Sen. Clinton and her famous husband are now trying to make the case that a united ticket with her on top and Obama on the bottom makes good political sense come the fall. I would have to agree. It is the only combination that will win, and it is the only combination that makes any sense. Obama will have the mentor that he so desperately needs, while Clinton will capitalize on her VP’s winning personality and lofty, if totally rhetorical, oratory.

The brilliance of this strategy is clear. It is meant to convey a clear message to two distinct and disconnected groups. The voters may buy this argument and give Sen. Clinton a hefty push in pledged delegates and votes over the next couple of weeks, putting some wind into her political sails and propelling her closer to a legitimate win by the time the convention rolls around. The super-delegates may also be persuaded that she is making a sound and cogent argument for putting together a ticket that has a winning chance. The second audience, clearly, is the audience about which she is most concerned.

The super-delegates will decide this election. Realizing that she is speaking, principally, to them is the only way one can understand how she can say in one breath that Obama is incompetent and untested while saying in another that he would make an excellent vice-president. She wants to cast herself in the role of seasoned mentor, a role for which she logically is well-suited, while posing the simultaneous argument that he will lose if he is the party’s headliner against Sen. McCain.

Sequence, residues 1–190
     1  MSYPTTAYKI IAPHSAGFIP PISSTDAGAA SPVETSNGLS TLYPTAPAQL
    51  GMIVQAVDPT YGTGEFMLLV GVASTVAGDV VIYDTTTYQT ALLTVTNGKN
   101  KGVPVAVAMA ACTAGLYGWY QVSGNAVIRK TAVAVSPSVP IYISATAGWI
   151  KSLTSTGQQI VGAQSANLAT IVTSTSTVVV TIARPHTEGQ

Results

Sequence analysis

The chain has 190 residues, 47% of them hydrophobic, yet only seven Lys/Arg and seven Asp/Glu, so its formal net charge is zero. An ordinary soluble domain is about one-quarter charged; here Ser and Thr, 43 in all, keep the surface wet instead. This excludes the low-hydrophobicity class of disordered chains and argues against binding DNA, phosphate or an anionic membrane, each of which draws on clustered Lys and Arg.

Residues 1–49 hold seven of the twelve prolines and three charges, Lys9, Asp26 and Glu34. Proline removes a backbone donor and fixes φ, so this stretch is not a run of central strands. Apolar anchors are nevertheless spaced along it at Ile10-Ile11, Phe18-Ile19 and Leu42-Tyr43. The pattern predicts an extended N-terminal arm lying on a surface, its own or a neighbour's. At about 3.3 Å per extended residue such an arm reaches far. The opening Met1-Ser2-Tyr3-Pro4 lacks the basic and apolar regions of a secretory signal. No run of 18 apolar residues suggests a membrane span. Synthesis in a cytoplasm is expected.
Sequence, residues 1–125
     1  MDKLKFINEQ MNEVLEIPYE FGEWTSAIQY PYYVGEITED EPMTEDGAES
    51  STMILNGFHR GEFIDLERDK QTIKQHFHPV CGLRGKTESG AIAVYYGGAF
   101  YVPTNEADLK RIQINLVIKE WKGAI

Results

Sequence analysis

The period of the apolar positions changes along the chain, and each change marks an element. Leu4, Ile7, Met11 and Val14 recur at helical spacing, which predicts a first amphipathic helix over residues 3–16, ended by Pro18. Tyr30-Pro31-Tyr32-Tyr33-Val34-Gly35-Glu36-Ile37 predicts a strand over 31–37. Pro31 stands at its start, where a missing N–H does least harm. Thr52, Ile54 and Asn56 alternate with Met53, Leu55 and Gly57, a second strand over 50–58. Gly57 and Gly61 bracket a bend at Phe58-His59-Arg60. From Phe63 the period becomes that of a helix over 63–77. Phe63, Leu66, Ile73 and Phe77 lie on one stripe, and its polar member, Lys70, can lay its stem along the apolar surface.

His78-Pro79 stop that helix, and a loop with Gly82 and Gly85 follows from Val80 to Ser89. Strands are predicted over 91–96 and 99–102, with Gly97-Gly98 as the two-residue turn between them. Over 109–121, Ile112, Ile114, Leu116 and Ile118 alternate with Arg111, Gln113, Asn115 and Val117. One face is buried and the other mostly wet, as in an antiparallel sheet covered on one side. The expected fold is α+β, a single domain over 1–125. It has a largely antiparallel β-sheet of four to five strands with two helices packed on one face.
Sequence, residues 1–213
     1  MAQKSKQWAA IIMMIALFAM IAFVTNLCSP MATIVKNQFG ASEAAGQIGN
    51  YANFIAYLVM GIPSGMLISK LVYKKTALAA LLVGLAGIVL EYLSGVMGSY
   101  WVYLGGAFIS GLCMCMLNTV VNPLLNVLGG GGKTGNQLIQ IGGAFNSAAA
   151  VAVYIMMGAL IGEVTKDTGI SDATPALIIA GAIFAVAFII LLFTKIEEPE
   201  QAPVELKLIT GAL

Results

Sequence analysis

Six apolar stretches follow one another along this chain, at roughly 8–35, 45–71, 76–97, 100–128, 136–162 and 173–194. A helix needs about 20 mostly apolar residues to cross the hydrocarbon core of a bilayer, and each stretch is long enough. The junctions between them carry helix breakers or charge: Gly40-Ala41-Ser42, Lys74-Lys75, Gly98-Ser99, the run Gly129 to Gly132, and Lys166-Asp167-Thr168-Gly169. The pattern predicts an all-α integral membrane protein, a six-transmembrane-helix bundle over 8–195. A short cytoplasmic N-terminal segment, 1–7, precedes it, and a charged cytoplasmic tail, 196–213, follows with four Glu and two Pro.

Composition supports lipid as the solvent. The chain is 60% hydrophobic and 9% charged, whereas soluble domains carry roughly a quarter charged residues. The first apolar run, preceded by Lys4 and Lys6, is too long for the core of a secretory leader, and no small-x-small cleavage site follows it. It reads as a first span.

The Pew research group released findings that indicate a large portion of Clinton voters defecting from Democratic ranks should Obama be the nominee. Furthermore, the same findings indicate that Obama’s followers as well as those who have cast votes for Clinton question his experience and his ability to weather the tough road ahead for the next President. If these trends portend the future, McCain can look forward to a conglomerate of conservative Republicans, moderate Republicans, independents, and so-called Reagan Democrats to come to his side in the fall. Even worse for Obama, it means that he will have only three large constituencies, black voters, young voters, and members of the so-called intelligentsia. Hispanics tend to be conservative, especially those who have lived in the US for a number of years. Bush won handily from their ranks, and McCain will probably be able to pull similar margins this time around.

If Obama is the headliner for the Democrats, the question has to be asked: Who, precisely, is going to vote for him? Clinton knows the answer. That’s why she’s making a self-serving, if politically savvy, argument now before the nominating contest is over.

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